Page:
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"Storm Center": Standing up to Censorship and McCarthyism During the "Second Red Scare"


In 1956 Storm Center, an American drama film directed by screenwriter Daniel Taradash, from a screenplay by Taradash and Elick Moll, and starring Bette Davis as the librarian, Alicia Hull, was first overtly anti-McCarthyism film to be produced in Hollywood during the height of the "Second Red Scare" (late 1940s through late 1950s).  During the Second Red Scare hundreds of Hollywood entertainment professionals lost their jobs as a result of the unofficial Hollywood blacklist, and thousands of people in other occupations also lost jobs.

"Alicia Hull is a widowed small town librarian dedicated to introducing children to the joy of reading. In exchange for fulfilling her request for a children's wing, the city council asks her to withdraw the book The Communist Dream from the library's collection. When she refuses to comply with their demand, she is fired and branded as a subversive. Judge Ellerbe feels she has been treated unfairly and calls a town meeting. Ambitious attorney and aspiring politician Paul Duncan, who is dating assistant librarian Martha Lockeridge, uses the meeting as an opportunity to make a name for himself by denouncing Alicia as a Communist. His forceful rhetoric turns the entire town, with the exception of young Freddie Slater, against her. The boy, increasingly upset by the mistreatment his mentor is suffering and affected by the influence of his narrow-minded father, finally turns on her himself and sets the library on fire. His action causes the residents to have a change of heart, and they ask Alicia to return and supervise the construction of a new building" (Wikipedia article on Storm Center, accessed 05-30-2009).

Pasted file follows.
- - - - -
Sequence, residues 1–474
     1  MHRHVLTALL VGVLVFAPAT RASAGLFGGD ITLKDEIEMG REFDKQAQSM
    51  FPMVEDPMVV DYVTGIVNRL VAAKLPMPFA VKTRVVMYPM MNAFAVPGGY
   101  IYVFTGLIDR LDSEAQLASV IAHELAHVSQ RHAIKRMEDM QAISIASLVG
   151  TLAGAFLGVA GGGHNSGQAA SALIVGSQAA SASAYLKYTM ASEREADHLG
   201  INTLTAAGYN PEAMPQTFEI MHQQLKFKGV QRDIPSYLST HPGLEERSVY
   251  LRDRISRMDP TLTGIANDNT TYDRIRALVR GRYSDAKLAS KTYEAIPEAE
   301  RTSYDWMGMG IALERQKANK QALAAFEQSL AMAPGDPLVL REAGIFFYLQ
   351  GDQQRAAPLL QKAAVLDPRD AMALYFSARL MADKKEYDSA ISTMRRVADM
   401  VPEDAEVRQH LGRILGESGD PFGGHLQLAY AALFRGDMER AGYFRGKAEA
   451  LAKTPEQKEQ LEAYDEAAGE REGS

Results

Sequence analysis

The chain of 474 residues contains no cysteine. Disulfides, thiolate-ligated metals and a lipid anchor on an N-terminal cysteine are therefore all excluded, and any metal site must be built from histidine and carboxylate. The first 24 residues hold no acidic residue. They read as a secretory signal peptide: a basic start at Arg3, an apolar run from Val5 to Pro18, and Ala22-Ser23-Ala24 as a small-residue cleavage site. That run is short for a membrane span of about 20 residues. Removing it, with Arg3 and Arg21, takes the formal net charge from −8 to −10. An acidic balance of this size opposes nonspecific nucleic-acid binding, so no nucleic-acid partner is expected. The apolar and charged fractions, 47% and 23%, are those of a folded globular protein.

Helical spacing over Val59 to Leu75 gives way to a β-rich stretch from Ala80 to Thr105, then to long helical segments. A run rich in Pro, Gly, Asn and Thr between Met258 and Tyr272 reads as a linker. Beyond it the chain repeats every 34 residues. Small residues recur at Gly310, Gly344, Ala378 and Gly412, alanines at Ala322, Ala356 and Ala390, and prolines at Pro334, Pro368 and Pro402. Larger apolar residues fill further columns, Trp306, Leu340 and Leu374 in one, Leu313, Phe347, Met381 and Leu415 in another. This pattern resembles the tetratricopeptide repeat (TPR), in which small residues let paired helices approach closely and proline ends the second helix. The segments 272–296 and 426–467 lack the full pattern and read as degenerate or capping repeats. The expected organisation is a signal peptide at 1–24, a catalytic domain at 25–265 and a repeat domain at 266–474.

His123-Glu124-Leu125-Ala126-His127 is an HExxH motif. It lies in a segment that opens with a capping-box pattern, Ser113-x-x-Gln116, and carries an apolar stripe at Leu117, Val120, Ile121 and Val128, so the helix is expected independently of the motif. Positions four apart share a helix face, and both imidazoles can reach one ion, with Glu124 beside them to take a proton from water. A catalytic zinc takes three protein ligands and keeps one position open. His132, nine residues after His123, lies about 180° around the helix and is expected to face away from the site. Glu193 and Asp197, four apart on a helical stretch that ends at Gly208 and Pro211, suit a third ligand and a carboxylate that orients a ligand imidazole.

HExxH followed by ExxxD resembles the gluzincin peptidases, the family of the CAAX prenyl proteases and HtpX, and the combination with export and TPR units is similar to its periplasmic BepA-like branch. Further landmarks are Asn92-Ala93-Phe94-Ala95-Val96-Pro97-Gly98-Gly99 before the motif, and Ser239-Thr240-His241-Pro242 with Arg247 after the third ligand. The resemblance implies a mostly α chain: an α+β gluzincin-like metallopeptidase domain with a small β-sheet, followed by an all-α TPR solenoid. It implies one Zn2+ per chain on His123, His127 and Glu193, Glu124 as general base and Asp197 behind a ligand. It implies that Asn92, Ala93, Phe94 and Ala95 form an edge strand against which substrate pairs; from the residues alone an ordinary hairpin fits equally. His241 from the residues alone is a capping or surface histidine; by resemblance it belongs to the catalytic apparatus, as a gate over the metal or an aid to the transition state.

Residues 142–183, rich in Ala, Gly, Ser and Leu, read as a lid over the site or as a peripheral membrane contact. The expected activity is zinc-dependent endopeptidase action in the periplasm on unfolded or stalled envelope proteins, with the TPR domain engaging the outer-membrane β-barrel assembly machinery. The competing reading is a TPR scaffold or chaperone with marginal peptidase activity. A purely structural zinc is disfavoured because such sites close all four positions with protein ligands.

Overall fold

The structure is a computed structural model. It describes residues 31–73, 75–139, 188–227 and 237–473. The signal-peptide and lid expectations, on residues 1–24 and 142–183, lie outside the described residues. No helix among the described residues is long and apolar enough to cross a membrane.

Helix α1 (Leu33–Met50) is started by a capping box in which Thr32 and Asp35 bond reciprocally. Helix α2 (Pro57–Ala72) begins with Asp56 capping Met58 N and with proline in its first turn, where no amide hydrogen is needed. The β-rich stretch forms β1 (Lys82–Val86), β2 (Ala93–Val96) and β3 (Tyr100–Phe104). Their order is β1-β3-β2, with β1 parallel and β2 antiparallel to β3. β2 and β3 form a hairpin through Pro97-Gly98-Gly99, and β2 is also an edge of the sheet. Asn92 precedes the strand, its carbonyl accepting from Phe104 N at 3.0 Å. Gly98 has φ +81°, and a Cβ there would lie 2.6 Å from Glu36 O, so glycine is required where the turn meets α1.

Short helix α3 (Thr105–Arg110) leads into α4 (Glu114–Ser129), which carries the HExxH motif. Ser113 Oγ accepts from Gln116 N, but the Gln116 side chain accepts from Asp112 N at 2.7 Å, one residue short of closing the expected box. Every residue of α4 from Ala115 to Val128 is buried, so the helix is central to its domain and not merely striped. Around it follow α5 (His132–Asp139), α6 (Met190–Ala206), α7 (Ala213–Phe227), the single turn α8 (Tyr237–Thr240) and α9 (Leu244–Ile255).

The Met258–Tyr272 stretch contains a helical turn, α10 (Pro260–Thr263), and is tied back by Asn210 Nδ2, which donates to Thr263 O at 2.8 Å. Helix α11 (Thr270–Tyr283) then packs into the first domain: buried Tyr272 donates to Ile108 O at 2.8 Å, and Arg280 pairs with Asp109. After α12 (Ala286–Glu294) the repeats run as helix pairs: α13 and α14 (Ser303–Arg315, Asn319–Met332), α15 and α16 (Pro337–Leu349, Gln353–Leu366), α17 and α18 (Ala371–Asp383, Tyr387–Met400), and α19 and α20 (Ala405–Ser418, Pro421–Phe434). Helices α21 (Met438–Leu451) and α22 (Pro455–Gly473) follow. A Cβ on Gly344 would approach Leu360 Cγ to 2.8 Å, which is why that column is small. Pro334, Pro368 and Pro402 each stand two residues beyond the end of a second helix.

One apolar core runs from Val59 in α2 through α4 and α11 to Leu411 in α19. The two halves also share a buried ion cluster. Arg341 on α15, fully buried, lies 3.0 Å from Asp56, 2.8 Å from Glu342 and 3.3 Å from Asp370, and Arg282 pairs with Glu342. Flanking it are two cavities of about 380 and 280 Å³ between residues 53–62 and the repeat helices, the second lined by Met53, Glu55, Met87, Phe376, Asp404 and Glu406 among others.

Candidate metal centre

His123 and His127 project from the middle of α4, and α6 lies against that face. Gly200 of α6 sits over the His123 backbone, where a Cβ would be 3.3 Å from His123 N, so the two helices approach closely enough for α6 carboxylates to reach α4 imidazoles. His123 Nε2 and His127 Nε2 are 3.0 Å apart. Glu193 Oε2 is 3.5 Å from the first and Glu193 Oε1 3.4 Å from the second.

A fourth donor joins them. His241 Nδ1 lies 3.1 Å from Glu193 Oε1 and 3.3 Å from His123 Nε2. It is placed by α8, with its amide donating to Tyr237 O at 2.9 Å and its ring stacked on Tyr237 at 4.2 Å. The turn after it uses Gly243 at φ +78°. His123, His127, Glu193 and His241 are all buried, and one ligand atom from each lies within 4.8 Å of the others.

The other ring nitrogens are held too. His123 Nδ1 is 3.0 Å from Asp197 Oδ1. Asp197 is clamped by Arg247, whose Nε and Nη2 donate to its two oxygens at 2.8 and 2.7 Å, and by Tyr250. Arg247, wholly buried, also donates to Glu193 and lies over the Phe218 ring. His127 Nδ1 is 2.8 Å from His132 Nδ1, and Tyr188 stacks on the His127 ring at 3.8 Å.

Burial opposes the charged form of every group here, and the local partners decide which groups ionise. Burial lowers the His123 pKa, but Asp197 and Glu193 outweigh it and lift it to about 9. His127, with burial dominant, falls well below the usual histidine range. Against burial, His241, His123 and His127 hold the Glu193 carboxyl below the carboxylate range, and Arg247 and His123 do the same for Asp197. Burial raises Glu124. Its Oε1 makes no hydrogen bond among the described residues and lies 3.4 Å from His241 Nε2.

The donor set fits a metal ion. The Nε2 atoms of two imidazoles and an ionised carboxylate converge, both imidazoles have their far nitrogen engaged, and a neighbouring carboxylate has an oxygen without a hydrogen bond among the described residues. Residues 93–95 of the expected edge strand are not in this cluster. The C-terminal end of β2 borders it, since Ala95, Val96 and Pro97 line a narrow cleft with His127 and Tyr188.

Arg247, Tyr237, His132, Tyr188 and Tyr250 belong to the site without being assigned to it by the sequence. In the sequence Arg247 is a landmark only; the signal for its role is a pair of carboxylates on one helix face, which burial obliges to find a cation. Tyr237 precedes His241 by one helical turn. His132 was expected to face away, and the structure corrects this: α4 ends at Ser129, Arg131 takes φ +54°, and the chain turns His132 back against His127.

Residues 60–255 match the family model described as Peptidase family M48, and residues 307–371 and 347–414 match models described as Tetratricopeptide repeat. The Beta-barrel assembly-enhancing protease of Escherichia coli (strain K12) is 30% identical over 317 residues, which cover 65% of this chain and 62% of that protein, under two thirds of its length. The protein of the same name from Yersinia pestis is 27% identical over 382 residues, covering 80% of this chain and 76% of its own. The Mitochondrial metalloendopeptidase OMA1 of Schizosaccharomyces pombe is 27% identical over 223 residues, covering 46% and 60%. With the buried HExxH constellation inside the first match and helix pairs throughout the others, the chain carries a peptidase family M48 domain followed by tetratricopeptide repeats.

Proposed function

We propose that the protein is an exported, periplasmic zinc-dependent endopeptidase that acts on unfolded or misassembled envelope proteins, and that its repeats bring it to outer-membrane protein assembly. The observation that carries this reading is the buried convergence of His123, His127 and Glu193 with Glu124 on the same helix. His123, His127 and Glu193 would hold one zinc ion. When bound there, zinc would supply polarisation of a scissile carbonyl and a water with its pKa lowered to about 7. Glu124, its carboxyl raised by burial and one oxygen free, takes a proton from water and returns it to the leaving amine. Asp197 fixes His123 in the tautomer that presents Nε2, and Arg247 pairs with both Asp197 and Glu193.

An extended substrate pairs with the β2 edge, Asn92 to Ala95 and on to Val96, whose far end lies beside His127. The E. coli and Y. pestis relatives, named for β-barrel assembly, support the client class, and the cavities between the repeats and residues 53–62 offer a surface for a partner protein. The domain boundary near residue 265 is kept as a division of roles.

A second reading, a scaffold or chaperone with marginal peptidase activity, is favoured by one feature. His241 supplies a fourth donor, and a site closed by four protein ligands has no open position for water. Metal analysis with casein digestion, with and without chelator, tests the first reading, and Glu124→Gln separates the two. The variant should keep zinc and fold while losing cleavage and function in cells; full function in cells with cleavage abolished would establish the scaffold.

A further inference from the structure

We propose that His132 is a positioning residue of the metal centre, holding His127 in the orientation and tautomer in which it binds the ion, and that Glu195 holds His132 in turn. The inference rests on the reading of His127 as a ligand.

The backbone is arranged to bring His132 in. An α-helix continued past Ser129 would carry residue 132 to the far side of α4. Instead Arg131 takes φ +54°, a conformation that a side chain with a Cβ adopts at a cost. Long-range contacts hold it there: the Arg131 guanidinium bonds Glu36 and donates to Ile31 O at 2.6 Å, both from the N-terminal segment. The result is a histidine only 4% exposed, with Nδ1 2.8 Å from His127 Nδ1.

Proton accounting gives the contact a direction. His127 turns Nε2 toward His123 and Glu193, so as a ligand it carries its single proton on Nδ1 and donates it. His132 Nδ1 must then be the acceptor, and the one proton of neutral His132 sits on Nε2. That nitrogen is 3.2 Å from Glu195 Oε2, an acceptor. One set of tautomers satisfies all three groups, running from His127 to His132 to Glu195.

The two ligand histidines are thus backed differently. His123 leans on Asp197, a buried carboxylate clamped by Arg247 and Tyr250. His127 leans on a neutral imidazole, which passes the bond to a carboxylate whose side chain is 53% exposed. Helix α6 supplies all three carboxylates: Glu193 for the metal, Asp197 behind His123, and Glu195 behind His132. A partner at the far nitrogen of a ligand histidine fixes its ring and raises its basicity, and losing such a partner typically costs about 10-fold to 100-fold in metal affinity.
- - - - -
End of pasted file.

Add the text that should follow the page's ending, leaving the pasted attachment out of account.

Raven, "Introduction: The Resonances of Loss," (Raven [ed.] Lost Libraries. The Destruction of Great Book Collections Since Antiquity [2004] 31).

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